5. Try to learn as much Spanish as possible. In lieu of that, make sure you get translation software for your smartphone if you’re taking one. Google Translate and Itranslate Pro worked well and both work offline if you download the language file beforehand.
6. A SIM card was very inexpensive and easy to acquire. Telcel has the largest network and a 30 day card with unlimited MEX/USA calling and 400mb data cost $10. Tecate is the best place to pick one up, but beware the big Telcel store as it has long lines. Little side stores have these easily accessible. However, I was never able to SMS message out from my Iphone, although iMessage worked fine when on data.
7. A lot of little town stores will have wifi access that’s not advertised, but you just ask and then pay 20 pesos for a password.
8. Aside from looking at photos of the route, I’d recommend watching the documentary “Dust to Glory”. It will give you a nice look at some of the terrain and roads you’ll be riding, and is also a great introduction to a major cultural event in the area.
What would you do differently next time?
1. Dedicated and focused training.
I strength train year-round, but didn’t ride nearly enough over late summer and fall. Strength training was great for keeping me free of injury, especially when pushing, carrying, and throwing around the heavy bike, or the time I took a big digger. I thought I’d be able to “ride into” biking fitness, but this proved problematic as it’s a hard route to ride to do this. You’re always battling dehydration and there’s not great access to healthy and nutritious food. Lots of “great” food, but it’s not often healthy. To get stronger, you also need rest and easy days. It’s very hard to have an easy day out there due to the difficulty of riding, and to rest you need to commit to stopping and resting. That takes discipline when there’s so much to do and see.
2. Cut significant gear and weight.
I was thinking of a more leisurely tour on easier dirt roads, so I brought a book, a lot of camera equipment, and some other camping comforts. Most of that would go away on the next round and I’d strip to essentials. You NEED to be as light as possible. Go ultra-minimal on the comforts, but conservative on emergency, backup, maintenance, and safety stuff. You are on “roads” for the whole route, but there is typically no traffic. If something goes wrong, you’ll likely need to self evacuate to a town, ranch or highway and this could be a 20-30 mile walk.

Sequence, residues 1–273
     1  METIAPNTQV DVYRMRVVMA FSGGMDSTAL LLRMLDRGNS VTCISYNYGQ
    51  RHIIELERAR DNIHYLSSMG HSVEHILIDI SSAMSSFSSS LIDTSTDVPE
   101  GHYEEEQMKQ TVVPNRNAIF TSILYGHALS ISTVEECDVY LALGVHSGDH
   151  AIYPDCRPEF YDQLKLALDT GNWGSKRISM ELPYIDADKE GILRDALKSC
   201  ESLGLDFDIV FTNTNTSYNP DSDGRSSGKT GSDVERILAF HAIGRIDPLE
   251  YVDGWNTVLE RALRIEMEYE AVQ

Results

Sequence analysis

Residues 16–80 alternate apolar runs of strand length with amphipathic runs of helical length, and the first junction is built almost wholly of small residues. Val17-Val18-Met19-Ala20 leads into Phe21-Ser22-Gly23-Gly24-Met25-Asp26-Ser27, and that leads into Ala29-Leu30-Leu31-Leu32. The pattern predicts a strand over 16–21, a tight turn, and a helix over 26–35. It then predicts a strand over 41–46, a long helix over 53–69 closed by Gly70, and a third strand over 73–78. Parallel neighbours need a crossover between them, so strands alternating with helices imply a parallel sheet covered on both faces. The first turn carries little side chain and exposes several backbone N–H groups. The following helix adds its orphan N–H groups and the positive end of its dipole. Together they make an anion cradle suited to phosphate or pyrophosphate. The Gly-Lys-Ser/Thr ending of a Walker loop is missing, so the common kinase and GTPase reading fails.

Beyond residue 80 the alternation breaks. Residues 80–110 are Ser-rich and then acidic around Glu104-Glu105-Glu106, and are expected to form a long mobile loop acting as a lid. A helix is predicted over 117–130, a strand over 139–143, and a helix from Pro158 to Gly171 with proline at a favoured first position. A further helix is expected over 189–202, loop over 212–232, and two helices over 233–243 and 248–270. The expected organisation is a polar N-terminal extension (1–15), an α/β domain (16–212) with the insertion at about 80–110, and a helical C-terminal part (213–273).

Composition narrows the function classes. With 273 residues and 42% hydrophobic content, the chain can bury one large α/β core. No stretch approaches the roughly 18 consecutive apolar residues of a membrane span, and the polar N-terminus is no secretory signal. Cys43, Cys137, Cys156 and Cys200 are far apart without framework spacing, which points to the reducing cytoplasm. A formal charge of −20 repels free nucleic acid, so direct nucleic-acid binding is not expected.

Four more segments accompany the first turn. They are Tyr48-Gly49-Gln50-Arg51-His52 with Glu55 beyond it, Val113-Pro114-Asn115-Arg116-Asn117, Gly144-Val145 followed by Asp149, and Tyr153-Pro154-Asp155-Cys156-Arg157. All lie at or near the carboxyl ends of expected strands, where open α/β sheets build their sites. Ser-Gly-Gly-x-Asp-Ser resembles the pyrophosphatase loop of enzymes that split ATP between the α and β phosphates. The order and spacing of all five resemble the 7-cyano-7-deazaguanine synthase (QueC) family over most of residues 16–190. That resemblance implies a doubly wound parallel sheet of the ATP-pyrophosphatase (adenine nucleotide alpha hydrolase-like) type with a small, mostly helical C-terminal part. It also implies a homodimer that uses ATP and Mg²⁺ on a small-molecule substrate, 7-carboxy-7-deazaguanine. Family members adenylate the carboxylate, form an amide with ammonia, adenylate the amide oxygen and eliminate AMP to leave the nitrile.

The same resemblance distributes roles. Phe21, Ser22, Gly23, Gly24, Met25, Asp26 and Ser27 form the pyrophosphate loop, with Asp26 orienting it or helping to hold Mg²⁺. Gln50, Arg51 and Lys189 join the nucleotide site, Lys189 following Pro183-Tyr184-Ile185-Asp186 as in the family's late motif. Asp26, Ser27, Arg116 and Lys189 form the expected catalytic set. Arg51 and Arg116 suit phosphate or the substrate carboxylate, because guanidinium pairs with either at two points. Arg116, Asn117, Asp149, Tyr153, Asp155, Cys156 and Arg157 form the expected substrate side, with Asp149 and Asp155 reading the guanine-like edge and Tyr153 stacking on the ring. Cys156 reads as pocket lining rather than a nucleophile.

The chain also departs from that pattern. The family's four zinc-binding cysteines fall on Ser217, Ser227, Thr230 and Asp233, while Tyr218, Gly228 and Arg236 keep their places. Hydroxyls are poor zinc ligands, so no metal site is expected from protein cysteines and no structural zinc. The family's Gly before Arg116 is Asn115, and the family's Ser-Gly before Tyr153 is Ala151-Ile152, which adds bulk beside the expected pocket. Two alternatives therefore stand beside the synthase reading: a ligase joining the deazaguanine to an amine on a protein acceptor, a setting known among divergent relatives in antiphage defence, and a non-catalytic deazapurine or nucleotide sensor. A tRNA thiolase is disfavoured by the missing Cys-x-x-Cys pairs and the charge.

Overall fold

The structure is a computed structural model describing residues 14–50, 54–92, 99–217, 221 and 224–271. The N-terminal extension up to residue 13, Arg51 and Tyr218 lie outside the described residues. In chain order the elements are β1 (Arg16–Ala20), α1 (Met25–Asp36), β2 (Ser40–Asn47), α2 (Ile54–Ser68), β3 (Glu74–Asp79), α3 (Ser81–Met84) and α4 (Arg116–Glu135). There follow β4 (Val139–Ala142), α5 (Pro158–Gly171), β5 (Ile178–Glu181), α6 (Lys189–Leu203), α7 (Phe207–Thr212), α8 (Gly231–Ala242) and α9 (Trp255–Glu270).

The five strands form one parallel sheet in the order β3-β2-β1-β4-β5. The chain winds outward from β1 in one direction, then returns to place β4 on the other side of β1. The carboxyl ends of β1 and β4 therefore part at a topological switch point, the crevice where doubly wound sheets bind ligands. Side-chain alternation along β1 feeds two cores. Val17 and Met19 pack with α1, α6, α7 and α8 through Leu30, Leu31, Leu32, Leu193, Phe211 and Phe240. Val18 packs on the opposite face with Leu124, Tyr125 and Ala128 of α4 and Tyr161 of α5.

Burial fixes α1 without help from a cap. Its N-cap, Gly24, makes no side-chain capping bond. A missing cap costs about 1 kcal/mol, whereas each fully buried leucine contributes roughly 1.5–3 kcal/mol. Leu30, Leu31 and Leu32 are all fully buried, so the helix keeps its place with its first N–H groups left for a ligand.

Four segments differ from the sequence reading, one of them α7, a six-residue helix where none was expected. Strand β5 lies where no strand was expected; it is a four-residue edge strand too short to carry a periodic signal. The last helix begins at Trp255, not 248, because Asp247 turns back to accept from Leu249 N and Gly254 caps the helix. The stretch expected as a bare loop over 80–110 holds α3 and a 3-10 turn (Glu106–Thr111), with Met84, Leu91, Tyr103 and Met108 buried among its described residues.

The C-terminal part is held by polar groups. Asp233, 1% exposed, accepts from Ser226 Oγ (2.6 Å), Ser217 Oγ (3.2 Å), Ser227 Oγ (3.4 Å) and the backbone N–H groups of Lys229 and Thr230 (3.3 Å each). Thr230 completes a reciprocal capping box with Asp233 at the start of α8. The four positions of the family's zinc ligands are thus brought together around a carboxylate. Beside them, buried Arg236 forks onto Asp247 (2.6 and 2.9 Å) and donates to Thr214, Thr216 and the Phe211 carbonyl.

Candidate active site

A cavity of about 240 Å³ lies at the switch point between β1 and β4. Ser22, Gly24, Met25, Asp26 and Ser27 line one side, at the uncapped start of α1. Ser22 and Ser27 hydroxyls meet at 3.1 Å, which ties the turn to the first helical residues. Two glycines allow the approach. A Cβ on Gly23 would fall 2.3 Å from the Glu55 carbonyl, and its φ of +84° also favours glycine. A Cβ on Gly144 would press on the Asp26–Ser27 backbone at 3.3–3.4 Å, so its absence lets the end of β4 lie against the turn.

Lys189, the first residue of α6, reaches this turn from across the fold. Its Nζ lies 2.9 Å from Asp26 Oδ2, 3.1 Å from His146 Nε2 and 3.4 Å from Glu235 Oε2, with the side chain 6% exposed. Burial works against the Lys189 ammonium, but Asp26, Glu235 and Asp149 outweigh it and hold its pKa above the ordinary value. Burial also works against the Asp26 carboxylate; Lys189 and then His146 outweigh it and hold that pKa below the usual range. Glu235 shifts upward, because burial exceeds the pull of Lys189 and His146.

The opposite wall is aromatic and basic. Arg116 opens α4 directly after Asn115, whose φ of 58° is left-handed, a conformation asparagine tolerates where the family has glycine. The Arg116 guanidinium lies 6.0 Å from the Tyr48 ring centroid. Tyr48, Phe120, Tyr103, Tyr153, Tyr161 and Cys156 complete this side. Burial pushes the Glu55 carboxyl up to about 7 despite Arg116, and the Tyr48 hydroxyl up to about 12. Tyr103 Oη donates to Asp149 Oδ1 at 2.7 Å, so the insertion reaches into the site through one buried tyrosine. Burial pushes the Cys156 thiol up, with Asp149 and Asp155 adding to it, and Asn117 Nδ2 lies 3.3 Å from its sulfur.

3. Adjust my expectations and realize that 35-45 miles/day was not sustainable or enjoyable for me. Personally, I’d look at scheduling something closer to 25-30 miles/day average over the route, NOT including days off to rest and play. If I had less experience or fitness, I’d plan even fewer miles/day.
4. Research route highlights for where I would want to spend a rest day whether that’s a winery, surf break, beach, town, etc. I ended up getting fried a few times and needing rest, but it didn’t necessarily happen somewhere I wanted to stop.
What surprised you most? I significantly underestimated the difficulty of the riding. I had done a 10 day shakedown trip in the desert southwest in October to refine my gear and techniques for desert riding and I felt prepared equipment-wise. That experience was invaluable in letting me devote all my energy to the actual riding and logistics because I needed it. When looking at the course profile and statistics, it doesn’t look like *that* much climbing. But there was a ton of climbing and a lot of it came as steep kicker hills at 12-18%. Combine that with silt, whoopdeedoos, cobbles, bedrock, washboards, sand, etc…. it can be tough.
The other surprise was how easy but also how difficult it was to get off the route. The Aguila bus system was super easy to use and took my bike without any issues. It fit right into the luggage bay. I also heard from backpackers and other tourists that hitchhiking was very easy (although it may be harder with a bike). But this applies to the highway corridor. On some of the loops away from the road, it would be very difficult to get out due to a lack of traffic.